The Queen will treasure the many memories of her husband — and his pragmatism.

Prince Philip’s practical wisdom

Prince Philip had straightforward views on various aspects of everyday life.

Attire

The Prince was probably the best dressed British man for decades. Who could top his effortless, yet classic, style of dress and accessories?

He also kept himself in trim throughout his life, which helped him maintain his sense of impeccable style:

The Daily Mail has an article with a retrospective of photos of him through the years. Although the Prince had his clothes made by top Savile Row tailors, all any man has to do is adopt the classics (emphases mine):

According to [celebrity stylist] Rochelle [White], the Duke’s suits were ‘impeccably’ tailored, with the royal selecting classic, handsome suiting; most often single-breasted jackets in navy. 

Meanwhile off-duty, the royal would often relax in a cool polo shirt and button-down linen shirts which made him ‘eye-catching’ …

Becky French, creative director of one of his preferred tailors Turnbull & Asser, told The Telegraph:Prince Philip was quite simply one of the best dressed men in the world, ‘Up until the age of 99, he always looked impeccable, with his naval blazer, shirt and tie.

‘Never a slave to fashion, he knew how he wanted to dress and perfected that style over almost a century.’ 

Brevity in public speaking

On Monday, April 12, both Houses of Parliament met to pay tribute to the Prince.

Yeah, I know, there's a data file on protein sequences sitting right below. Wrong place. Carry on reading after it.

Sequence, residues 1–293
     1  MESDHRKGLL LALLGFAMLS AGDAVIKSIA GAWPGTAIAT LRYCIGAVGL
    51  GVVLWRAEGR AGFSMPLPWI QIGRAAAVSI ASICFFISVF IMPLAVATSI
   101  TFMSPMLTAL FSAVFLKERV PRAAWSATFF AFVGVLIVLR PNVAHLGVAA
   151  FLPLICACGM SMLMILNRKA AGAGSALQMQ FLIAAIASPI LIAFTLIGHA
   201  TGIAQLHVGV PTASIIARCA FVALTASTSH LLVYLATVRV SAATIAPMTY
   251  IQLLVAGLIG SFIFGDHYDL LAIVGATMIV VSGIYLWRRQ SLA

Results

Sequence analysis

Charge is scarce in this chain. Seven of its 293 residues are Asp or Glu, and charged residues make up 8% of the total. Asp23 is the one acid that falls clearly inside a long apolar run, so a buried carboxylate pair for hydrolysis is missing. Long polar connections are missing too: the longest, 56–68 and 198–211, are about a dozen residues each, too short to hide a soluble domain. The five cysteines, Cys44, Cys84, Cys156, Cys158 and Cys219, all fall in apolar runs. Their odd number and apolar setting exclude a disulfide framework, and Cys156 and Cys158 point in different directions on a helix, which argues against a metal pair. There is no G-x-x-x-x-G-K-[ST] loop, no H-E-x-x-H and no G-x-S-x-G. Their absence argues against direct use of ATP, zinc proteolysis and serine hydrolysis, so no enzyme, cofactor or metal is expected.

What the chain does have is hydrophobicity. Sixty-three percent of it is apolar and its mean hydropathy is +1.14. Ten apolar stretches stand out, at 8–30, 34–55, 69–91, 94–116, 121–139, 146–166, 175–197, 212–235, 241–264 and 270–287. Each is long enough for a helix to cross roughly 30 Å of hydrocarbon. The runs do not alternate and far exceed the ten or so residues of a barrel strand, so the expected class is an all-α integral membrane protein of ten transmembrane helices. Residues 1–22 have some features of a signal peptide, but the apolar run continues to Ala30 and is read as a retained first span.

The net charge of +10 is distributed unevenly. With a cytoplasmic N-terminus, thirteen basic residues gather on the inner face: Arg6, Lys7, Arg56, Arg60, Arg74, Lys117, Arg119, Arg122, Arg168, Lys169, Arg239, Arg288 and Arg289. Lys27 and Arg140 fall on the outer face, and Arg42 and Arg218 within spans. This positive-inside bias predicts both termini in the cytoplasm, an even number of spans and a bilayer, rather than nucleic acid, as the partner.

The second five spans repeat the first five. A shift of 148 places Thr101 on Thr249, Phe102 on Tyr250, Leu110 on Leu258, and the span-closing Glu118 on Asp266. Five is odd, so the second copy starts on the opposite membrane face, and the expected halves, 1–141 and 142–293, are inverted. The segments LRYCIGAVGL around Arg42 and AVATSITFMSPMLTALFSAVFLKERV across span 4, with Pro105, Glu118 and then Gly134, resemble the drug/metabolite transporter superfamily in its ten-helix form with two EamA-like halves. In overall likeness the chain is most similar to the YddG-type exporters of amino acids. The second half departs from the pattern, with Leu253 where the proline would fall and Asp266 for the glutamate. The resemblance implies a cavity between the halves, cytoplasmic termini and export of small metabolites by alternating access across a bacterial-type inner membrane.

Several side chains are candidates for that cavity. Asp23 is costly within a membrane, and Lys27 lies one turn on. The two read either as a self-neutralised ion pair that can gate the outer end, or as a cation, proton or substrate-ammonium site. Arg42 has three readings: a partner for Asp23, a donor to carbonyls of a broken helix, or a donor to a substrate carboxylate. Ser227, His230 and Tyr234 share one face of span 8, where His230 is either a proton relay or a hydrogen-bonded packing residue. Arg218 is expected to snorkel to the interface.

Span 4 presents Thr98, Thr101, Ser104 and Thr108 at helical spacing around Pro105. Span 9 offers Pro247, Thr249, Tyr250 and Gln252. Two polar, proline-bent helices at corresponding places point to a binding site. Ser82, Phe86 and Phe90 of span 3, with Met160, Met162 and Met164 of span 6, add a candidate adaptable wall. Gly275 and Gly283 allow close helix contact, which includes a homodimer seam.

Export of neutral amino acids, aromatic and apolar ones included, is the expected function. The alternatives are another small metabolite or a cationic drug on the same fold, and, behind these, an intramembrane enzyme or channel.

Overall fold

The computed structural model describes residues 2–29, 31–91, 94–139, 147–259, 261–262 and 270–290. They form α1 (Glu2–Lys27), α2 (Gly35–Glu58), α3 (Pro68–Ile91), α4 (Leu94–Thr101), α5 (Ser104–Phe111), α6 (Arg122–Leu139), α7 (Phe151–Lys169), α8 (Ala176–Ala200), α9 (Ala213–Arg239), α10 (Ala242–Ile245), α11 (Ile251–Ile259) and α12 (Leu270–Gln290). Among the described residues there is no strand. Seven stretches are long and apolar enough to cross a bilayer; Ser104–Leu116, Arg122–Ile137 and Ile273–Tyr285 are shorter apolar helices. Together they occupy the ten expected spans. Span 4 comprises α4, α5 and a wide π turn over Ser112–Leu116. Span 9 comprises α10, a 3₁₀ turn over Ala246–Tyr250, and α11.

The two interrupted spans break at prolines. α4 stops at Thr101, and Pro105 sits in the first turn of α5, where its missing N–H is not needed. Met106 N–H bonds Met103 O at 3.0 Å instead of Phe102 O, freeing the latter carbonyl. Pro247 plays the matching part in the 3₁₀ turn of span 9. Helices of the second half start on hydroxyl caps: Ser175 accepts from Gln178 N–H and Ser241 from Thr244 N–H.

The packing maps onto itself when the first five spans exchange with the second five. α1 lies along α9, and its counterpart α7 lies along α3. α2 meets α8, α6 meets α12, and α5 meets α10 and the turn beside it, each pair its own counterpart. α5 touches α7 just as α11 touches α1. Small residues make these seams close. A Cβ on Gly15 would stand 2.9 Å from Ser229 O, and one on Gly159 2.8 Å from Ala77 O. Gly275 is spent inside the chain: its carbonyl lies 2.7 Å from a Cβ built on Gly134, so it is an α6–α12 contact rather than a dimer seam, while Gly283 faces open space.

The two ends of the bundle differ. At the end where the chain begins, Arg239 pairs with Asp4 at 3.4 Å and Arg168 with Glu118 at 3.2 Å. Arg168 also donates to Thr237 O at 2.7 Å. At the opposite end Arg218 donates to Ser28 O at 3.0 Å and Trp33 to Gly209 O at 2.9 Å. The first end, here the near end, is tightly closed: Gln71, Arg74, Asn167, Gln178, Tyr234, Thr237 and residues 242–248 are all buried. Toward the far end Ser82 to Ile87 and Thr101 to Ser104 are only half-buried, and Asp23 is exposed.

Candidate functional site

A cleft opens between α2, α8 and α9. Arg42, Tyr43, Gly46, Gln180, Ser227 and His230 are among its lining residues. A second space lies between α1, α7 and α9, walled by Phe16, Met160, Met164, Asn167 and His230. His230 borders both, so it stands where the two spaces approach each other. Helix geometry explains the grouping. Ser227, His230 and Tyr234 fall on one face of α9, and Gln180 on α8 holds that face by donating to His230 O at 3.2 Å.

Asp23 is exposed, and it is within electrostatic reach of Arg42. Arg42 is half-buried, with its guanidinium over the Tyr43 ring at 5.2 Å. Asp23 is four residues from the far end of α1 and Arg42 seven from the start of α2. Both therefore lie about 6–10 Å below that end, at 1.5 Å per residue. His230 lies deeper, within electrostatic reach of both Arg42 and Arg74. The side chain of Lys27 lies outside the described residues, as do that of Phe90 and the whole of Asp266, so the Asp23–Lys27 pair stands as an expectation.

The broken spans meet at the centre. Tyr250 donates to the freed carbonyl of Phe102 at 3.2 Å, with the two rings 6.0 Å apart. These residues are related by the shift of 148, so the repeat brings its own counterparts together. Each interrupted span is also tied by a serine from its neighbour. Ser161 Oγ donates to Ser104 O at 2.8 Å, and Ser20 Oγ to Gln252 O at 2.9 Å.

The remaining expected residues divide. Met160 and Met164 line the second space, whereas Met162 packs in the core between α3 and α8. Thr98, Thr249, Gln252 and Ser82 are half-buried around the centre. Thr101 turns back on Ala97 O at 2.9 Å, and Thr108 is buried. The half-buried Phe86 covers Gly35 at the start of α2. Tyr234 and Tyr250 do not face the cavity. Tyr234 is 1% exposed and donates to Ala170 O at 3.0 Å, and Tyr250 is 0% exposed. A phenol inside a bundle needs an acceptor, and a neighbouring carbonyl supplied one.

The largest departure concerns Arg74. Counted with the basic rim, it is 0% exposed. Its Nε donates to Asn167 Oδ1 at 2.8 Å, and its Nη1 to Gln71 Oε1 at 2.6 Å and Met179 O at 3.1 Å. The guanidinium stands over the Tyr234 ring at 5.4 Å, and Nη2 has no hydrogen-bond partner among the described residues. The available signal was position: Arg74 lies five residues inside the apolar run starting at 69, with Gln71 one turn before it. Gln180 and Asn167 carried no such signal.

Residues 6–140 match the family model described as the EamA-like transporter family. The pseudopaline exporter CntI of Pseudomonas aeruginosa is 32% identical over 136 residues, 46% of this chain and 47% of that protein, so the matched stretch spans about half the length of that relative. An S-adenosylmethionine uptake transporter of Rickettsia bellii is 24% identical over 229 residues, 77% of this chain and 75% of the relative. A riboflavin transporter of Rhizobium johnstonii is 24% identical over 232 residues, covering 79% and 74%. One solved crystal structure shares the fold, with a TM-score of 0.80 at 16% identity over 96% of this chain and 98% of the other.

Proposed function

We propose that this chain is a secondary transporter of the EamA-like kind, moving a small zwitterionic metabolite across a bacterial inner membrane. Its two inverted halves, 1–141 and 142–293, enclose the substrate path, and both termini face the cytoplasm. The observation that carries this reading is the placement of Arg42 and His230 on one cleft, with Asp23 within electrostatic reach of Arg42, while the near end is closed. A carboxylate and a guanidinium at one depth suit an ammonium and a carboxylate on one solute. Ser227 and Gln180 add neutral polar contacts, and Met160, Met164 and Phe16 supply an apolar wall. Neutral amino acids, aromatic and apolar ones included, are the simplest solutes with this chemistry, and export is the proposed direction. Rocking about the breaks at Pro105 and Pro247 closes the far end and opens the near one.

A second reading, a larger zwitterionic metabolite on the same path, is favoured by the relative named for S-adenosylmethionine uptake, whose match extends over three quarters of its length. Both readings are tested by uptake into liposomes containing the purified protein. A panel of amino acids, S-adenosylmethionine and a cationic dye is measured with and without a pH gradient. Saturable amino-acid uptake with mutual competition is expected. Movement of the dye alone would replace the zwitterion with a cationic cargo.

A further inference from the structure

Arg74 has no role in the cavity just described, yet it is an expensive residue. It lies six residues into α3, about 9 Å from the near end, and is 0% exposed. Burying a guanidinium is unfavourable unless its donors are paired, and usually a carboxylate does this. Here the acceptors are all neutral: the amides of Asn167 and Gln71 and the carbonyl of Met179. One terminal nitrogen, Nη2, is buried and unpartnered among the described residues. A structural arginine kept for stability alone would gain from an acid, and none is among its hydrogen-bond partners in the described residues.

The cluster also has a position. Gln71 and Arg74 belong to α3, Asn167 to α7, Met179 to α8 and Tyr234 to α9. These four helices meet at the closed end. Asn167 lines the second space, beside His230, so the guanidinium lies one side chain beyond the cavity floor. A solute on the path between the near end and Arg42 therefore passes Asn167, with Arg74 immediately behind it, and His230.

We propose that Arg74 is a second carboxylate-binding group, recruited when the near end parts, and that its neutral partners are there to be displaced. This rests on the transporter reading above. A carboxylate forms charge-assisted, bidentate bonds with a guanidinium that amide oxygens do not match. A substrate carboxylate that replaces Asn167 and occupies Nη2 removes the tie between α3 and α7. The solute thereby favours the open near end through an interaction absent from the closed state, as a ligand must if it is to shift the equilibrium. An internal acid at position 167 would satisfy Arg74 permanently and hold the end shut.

Ian Blackford (SNP) cited an excellent piece of advice from the Prince on public speaking. It is ironic that it was Blackford who found the following quote, as he speaks endlessly.

This is excellent — and so true:

What the backside cannot endure, the brain cannot absorb.

Fools

Winston Churchill’s grandson, Sir Nicholas Soames, a former MP, told Freddie Sayers of UnHerd that Prince Philip did not suffer fools gladly:

Honesty

A former Royal butler said much the same thing as Sir Nicholas Soames, adding that the Prince spoke as he found. As such, he enjoyed working for the Prince, because he told one exactly what he wanted, politely but succinctly:

Stiff upper lip

Prince Philip was a ‘stiff upper lip’, ‘old school’ gentleman:

However, as the generations pass, personal conduct changes:

Spiked‘s Tim Black referred to the interview with Sir Nicholas Soames above, writing (emphases mine):

As Tory grandee Nicholas Soames put it this week, Philip was ‘the epitome of the stiff upper lip’.